diabetes drug

  1. Actos in new cancer link

    Since the explosion of the Avandia scandal, there's been a massive rush to switch diabetics over to Actos, the other major diabetes drug.

    But the "other" drug comes with "other" risks -- and a new report shows again how there's just no such thing as a safe diabetes med.

    When researchers tracked more than half a million diabetes drug reactions reported to the FDA between 2004 and 2009, they found 138 cases of bladder cancer among patients who took one or more of 15 different meds.

    Actos was just one of those 15 meds... but it was linked to more than a fifth of the reports, according to the study in Diabetes Care.

    Now, I know that 20 percent of 138 cases of bladder cancer over 5 years doesn't sound like a lot... and it's probably not going to scare anyone away from Actos.

    But it's not the first time we've seen a link between Actos and bladder cancer.

    • Last year, data from the midpoint of a 10-year trial found that patients who took the highest doses of Actos, and those who took the drug for the longest periods had an increased risk of bladder cancer.
    • Two earlier studies -- both three-year clinical trials -- found a higher risk of bladder cancer in Actos patients.
    • A study on rats found bladder tumors in males that were given the rodent equivalent of a human dose.

    And if you're still not scared, consider this: Actos has been linked to its own Avandia-style heart risks.

    In one study, Actos patients actually suffered more heart attacks than patients who took Avandia -- and both drugs had similar rates of heart failure and death.

    Despite these and other risks, the mainstream isn't just switching former Avandia patients over to Actos -- they're actually trying to get people who don't even have diabetes to take it.

    As I told you recently, the drug's manufacturer has been touting a company-funded study that claims Actos can prevent diabetes in prediabetics -- despite the fact that the study was way too short to reach any such conclusion.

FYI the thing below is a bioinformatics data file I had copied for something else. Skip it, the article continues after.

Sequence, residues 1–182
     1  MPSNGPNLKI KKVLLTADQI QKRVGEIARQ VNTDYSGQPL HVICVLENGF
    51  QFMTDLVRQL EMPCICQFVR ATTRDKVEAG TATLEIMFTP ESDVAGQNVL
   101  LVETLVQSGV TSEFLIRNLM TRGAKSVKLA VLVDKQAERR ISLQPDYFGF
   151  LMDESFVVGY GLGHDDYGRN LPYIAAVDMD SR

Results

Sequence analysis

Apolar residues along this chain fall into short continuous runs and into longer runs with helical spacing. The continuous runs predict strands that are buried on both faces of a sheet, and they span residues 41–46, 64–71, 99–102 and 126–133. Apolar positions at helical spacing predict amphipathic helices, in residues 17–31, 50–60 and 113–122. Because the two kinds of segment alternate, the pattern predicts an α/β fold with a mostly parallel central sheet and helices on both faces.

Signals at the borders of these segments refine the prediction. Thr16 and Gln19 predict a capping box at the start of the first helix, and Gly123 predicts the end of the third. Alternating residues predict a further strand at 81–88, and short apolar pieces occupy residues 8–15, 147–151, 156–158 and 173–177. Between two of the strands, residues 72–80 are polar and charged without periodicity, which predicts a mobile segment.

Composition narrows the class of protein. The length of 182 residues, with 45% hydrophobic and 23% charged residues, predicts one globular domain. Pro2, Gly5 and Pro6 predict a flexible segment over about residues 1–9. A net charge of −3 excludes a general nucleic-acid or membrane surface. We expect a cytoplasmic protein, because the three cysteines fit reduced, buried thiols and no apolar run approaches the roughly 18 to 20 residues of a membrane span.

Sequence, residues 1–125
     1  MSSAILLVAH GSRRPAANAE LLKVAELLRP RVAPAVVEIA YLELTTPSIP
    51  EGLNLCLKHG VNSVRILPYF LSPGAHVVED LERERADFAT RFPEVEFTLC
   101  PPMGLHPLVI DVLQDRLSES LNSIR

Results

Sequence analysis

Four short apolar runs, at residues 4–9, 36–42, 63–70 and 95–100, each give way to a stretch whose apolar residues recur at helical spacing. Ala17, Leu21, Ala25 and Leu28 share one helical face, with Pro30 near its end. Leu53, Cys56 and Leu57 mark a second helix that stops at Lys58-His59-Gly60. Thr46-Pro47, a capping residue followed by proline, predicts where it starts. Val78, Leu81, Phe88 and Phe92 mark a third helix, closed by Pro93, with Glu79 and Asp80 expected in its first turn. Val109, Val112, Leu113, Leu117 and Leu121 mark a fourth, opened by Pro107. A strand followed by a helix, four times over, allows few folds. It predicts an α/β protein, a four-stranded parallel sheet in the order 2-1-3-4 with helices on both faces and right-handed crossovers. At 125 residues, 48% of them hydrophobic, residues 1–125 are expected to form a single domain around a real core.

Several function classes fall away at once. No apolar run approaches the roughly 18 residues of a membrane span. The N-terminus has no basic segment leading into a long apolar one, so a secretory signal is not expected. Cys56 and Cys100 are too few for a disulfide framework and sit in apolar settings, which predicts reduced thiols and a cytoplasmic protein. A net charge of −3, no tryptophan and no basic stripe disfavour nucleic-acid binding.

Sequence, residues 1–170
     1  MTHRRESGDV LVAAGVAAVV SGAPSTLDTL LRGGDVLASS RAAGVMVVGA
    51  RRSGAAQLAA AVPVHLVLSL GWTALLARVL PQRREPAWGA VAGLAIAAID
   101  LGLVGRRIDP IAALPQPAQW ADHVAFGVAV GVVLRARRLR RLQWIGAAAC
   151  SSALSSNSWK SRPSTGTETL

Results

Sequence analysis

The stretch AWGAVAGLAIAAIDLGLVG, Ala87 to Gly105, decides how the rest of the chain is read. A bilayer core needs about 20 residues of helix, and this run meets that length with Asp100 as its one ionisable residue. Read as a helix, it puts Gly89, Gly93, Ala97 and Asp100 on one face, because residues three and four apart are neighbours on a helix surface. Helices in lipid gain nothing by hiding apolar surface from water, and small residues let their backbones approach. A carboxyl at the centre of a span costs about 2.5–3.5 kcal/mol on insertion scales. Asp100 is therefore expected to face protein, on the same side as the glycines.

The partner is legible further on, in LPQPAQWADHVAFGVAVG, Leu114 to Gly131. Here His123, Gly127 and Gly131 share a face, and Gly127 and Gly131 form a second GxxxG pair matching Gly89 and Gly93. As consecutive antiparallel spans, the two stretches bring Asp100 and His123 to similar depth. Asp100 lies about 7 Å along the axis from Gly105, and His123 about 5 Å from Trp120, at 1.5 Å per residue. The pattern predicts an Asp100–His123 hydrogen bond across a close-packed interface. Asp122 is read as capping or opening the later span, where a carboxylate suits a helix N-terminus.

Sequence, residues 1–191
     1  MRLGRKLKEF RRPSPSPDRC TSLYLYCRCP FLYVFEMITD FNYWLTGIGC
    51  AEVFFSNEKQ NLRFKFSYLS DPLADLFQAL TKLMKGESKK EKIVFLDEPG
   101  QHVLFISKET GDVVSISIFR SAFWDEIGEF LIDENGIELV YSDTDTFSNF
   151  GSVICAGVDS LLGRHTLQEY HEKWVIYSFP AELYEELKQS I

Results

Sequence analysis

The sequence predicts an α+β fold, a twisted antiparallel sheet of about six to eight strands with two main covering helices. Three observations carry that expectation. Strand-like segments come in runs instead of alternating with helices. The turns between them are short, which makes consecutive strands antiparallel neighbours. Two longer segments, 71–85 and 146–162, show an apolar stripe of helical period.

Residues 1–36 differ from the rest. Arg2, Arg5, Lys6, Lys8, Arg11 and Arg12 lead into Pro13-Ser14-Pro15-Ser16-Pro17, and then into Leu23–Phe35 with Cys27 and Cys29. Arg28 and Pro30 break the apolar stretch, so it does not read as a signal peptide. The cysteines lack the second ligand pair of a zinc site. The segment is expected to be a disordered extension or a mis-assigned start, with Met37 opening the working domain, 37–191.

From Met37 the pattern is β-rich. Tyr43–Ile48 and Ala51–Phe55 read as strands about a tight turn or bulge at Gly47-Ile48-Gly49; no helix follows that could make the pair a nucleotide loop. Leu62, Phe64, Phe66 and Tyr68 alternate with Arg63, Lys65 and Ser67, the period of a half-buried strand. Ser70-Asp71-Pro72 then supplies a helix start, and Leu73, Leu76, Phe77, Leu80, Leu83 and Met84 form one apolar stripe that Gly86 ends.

There's really only one thing you need to know here, whether you're trying to control diabetes or just trying to avoid it: lifestyle changes will beat drugs -- and they'll beat them every single time.

  2. Drug scandal keeps getting worse

    The feds can't seem to figure out what to do with the dangerous diabetes drug Avandia, so they've resorted to impotent half measures--like ordering the drug's maker, GlaxoSmithKline, to suspend recruiting for a new clinical trial.

    That's actually not that big of a deal: Avandia's increased heart risk is so well known that trial sites were having a hard time finding patients willing to participate anyway.

    But my guess is that this isn't about protecting the patients who would have been involved in the trial. It's about protecting the FDA--because if the agency acts on the recent recommendation by its own "expert" panel to keep Avandia on the market, it wouldn't do to have embarrassing data from a new trial haunting them for years to come.

    And speaking of that panel, the feds now admit that the carefully selected "experts" they convened to weigh one of the agency's biggest decisions in years had conflicts so glaring you could solve the vitamin D crisis in their bright, yellow glow.

    The panel, as you have probably heard, voted 20-12 to keep Avandia on the market, although most members also voted to add new warnings and restrictions.

    But it turns out that one panelist, Dr. David Capuzzi, was actually a paid speaker for GlaxoSmithKline. And while the "drug" he was paid to speak about was actually the fish oil capsules sold as Lovaza, Capuzzi had also served on a GlaxoSmithKline advisory panel for Avandia.

    According to the Wall Street Journal, the company paid Capuzzi a total of $14,750 over the years, with the most recent payment--$3,000--coming in the second quarter of this year.

    He voted to keep Avandia on the market as is, with no additional warnings or restrictions. Coincidence? You decide--but only two out of 31 other panelists voted with him on that.

    What's more, another panelist had an equally glaring conflict on the other side of the issue. It turns out Dr. Abraham Thomas belonged to Takeda's Diabetes Speakers Bureau between September 2007 and September 2008. He gave two presentations, and was paid between $2,000 and $3,000.

    Takeda makes Actos, a direct rival to Avandia--and the drug often mentioned as the better choice (despite the fact that lifestyle changes are far better than either).

    Coincidence? Again, you be the judge--but feel free to note that Thomas wasn't nearly as lonely in his position as Capuzzi, since he joined 11 others in an effort to pull Avandia from the market.

    But at this point, it's fair to ask what else the FDA has been hiding from us. Just don't expect any honest answers any time soon.

  3. Shut down the Avandia trial!

    The dangers of the diabetes drug Avandia are now out there in the open, where everyone can see them... yet some people still think we need more research on these awful pills.

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